PETER Pambeni is the new World Boxing Organisation (WBO) Africa lightweight champion after upsetting Namibia’s Albinius “Danny Boy” Felesianu by unanimous decision in Felesianu’s own backyard at the Ramatex in Windhoek, Namibia, on Saturday night.
The victory also exorcises the demons that had haunted many-a-Zimbabwean boxers inside the Namibian ring as the Epworth-raised pugilist brings home to the Zimbabwean boxing cabinet its most prized trophy.
Pambeni, who travelled to the “land of the brave” carrying an underdog tag, turned on the heat to snatch the once vacant title from the grip of “Danny Boy”, who himself is a three-time IBO continental and WBF inter-continental champion.
Add such an impressive resume to the fact that he was also fighting before his home crowd and you have the stakes highly piled in favour of Felesianu. But, alas, “The Sniper” literally shot convincing jabs from the hip to convince all the three judges who scored in the Zimbabwean boxer’s favour.
True to the adage that perseverance pays, it was a deserved victory for Pambeni who for a whole decade had given up the sport he so loved in mourning. But like the typical old wine that gets better with age, he dusted himself up at 29 to begin a journey that has put his country on the African boxing map.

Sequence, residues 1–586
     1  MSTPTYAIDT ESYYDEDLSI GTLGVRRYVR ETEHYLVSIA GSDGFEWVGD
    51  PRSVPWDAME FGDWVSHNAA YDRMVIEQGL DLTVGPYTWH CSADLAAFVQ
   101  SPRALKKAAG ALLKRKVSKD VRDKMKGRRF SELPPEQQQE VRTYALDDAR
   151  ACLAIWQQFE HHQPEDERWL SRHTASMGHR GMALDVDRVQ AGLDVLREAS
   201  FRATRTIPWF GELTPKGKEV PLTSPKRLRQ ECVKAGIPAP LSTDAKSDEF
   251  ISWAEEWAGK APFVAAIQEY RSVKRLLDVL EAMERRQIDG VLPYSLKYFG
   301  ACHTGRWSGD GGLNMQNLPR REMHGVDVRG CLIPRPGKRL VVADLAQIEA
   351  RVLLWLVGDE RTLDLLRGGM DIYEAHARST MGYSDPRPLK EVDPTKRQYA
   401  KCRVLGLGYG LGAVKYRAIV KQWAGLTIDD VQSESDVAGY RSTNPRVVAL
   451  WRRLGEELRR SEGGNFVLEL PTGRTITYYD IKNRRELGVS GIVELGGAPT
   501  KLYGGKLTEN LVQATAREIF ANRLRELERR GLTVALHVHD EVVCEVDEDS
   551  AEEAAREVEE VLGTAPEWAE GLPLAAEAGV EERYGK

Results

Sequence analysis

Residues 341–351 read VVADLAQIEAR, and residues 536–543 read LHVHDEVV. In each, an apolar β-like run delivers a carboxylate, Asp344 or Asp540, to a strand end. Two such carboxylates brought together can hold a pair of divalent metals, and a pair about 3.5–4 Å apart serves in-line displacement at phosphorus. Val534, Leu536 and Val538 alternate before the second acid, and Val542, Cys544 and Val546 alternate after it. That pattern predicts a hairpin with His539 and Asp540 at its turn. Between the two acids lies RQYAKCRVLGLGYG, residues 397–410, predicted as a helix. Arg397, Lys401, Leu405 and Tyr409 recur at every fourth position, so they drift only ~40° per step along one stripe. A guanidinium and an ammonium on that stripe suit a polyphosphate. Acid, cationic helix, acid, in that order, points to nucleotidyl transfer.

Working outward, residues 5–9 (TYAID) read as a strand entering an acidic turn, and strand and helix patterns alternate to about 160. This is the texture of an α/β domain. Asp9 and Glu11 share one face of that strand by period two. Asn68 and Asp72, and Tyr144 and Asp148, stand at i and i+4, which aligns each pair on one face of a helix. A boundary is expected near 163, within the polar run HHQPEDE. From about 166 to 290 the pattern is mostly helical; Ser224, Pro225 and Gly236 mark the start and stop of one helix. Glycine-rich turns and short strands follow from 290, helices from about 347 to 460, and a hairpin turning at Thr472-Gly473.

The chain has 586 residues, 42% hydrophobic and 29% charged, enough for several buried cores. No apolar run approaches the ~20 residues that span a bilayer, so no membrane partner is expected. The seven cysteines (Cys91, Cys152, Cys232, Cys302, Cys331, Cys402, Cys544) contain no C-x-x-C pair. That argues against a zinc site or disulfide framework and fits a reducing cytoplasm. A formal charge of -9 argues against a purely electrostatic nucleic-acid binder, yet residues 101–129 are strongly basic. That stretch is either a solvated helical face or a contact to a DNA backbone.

Apart from the WBA-Africa title loss to Bongani Mahlangu in Bloemfontein, South Africa, back in 2008, “The Sniper” had also had a shot at the IBF featherweight title in Kampala, Uganda, but was beaten by Ugandan Abdul Tebwazwala.
The grave mistake the then handlers of this once promising starlet (Juluka Boxing Club) may have made was throwing him right into the deep end. But with both age and experience, he has risen like a Phoenix to make his shanty and populous township of Epworth worth mentioning when it comes to sport.
Namibia has corporates pouring more money into boxing than soccer, a reason why it probably has the highest number of world champions, and perchance with the latest achievement by this poor boy from “Epaton”, locals may also begin to consider giving a hand to the sport of boxing.